I tried to share my favorite holiday television special with my own kids twenty years ago — and it didn’t really work. Maybe the animation techniques or sound quality didn’t hold up, or maybe I had loved it partly because I could only see it once a year, whenever CBS decided to air it. At any rate, my kids couldn’t relate to my anticipation. I opened A Charlie Brown Christmas: Deluxe Edition(Peanuts) hoping this book might be a way to share the Peanuts magic more successfully with my grandchildren. I’ll know for sure when I see them before the holidays, but I’m thinking this version is a “yes!” • Reviewed by Mary Malhotra
This deluxe edition, by Maggie Testa (Adapter), Charles M. Schulz (Author), and Vicki Scott (Illustrator), is big, with an almost-velvet red cover framing a smiling Charlie Brown holding his special little Christmas tree. The endpapers are sheet music of the Christmas carols “Jingle Bells” and “Hark the Herald Angels Sing.” The art throughout pops with bold colors and stylized shading. In case you’re unfamiliar with the characters or story, Charlie Brown is a kid who has few friends and can’t do anything right. He is correspondingly depressed, yet embodies optimism, always coming back to try again. In the Christmas story, his true friend Linus thinks he knows how to cheer up Charlie Brown. “You need to get involved. How would you like to be the director of our Christmas play?” Charlie Brown takes charge, but after he gets a straggly little tree to decorate the stage, the other kids convince him he’s ruined everything again. Later, led by Linus, everyone comes together to decorate the tree. It shapes up like only a cartoon tree could, and the true spirit of Christmas shines. This adaptation hits the important notes I remember from the animated special, including my favorite scene: Linus reciting Luke 2:8-14 after assuring Charlie Brown, “I can tell you what Christmas is all about.” • Reviewed by Mary Malhotra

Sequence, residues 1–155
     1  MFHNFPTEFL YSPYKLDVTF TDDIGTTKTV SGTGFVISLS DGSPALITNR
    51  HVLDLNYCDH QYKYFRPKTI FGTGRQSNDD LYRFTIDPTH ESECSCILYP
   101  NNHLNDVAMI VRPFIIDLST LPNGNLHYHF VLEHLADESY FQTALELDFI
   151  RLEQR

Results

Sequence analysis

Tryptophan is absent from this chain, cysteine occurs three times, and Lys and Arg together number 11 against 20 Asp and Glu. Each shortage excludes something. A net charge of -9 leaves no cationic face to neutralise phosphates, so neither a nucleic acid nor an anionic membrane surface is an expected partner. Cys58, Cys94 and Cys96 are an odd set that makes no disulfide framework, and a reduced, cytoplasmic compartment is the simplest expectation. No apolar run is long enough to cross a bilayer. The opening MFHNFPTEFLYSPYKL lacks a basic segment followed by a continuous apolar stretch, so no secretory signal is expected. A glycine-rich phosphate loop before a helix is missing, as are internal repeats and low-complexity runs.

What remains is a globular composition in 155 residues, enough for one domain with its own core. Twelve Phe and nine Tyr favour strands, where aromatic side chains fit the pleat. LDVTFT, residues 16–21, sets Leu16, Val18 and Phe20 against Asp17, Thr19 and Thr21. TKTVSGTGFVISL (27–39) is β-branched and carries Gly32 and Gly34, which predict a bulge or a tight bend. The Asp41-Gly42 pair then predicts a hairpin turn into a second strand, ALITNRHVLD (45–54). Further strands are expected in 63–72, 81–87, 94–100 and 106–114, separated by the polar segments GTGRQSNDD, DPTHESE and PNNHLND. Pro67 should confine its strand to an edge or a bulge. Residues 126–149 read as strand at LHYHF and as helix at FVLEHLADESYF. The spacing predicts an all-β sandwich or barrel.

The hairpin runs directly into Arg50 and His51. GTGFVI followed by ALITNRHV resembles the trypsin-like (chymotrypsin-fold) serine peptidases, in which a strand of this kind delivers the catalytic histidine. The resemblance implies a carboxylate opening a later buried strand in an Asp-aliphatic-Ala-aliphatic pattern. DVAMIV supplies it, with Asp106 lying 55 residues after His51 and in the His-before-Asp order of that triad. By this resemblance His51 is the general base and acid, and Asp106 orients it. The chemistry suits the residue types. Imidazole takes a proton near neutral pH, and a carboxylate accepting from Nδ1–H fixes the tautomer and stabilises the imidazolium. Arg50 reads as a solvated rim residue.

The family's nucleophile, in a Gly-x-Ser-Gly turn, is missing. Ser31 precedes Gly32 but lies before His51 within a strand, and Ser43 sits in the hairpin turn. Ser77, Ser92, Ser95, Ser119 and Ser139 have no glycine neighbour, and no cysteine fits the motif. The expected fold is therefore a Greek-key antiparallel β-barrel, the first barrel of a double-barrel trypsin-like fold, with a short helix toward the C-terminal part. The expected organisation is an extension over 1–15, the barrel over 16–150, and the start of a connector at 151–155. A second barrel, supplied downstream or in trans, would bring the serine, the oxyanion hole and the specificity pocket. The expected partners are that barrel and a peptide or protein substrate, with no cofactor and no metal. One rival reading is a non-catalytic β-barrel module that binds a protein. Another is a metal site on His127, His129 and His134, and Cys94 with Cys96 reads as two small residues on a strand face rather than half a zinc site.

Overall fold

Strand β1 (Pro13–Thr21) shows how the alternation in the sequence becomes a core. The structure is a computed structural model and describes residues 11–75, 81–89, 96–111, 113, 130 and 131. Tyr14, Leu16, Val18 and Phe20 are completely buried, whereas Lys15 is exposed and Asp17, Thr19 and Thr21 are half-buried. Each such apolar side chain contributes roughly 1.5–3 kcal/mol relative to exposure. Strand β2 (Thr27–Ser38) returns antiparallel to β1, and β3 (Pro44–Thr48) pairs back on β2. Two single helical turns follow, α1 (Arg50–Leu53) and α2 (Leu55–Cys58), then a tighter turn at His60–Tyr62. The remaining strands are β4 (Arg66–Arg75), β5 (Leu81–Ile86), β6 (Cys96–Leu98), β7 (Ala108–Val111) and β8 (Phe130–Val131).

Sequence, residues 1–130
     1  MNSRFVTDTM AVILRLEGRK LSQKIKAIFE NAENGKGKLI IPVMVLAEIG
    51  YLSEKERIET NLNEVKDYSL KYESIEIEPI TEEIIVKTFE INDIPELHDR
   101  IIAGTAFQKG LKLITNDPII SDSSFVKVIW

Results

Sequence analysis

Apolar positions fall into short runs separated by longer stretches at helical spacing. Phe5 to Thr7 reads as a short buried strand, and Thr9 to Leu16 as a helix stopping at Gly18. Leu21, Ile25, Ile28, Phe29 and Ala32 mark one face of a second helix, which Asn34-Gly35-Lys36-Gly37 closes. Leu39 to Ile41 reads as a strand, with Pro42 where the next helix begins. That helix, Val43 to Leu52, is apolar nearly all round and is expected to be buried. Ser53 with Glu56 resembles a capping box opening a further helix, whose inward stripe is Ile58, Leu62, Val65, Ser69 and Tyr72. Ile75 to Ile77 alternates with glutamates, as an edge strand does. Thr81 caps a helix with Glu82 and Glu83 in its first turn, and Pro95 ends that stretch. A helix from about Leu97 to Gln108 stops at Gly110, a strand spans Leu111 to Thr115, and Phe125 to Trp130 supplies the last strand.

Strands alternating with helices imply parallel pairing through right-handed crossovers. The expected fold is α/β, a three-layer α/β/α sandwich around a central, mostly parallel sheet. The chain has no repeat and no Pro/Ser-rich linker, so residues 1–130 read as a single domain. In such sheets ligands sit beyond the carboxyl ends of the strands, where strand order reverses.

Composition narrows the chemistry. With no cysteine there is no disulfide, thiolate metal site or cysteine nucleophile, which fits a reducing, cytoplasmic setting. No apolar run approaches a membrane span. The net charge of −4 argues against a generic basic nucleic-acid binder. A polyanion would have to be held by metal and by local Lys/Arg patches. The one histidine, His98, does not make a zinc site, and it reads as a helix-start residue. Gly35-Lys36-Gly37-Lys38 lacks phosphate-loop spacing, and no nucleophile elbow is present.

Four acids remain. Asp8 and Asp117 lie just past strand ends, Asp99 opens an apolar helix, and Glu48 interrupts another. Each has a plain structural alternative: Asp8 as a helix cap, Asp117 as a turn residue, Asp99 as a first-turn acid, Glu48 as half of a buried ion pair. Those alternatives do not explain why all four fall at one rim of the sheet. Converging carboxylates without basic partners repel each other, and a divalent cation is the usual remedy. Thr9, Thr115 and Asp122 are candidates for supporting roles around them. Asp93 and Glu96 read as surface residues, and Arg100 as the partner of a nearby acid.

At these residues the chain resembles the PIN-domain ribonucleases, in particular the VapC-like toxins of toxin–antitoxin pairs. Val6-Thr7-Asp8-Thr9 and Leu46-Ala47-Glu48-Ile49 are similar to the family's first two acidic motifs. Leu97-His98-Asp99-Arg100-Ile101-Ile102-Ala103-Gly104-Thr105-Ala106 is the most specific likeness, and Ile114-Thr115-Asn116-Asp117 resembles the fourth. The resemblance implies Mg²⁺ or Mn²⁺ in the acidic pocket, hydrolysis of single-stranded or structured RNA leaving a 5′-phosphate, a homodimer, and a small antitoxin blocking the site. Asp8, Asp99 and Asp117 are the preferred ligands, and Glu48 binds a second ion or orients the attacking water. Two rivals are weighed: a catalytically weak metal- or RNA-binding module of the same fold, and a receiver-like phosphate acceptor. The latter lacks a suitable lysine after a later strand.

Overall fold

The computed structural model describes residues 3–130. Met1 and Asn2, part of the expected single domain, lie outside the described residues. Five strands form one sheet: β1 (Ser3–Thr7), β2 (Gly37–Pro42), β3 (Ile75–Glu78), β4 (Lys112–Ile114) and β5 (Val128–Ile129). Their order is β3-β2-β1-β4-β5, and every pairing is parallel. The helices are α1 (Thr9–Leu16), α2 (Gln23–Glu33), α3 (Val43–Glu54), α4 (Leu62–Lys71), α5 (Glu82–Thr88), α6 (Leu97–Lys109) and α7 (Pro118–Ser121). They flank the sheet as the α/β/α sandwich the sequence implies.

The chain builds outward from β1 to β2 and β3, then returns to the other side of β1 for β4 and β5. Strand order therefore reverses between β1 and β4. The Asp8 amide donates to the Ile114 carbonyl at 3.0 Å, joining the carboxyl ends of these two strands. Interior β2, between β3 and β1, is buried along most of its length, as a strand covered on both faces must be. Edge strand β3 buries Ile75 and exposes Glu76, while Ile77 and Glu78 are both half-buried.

With a title like Christmas Paper Crafting: Holiday Cards, Gift Tags, and More! it’s no surprise that this book contains cards, envelope templates, and gift tags. The “more” includes bookmarks, mini cards, full-page images called frameables, and scrapbook paper (which makes nice two-sided gift wrap). Most pages are perforated and easy for a child to use on their own. Kids can choose an item, then draw or write on the mostly blank second side—some have short quotations. The envelope templates are straightforward as are the instructions for bookmark tassels or fridge magnets.
The artwork is that of best-selling artists Thaneeya McArdle, Robin Pickens, Angelea Van Dam, Valentina Harper, and Valerie McKeehan. A variety of styles showcases the holiday sentiments. Images are produced on thick paper and in full color—except for a few in black and white for self-coloring. While most pictures are appropriate for a range of holidays, in keeping with the book’s title, many of the quotes on the back of the cards refer to Christmas and some are of a religious nature. If the quotes aren’t suitable, the card’s second page can be omitted and used as postcard-size instead.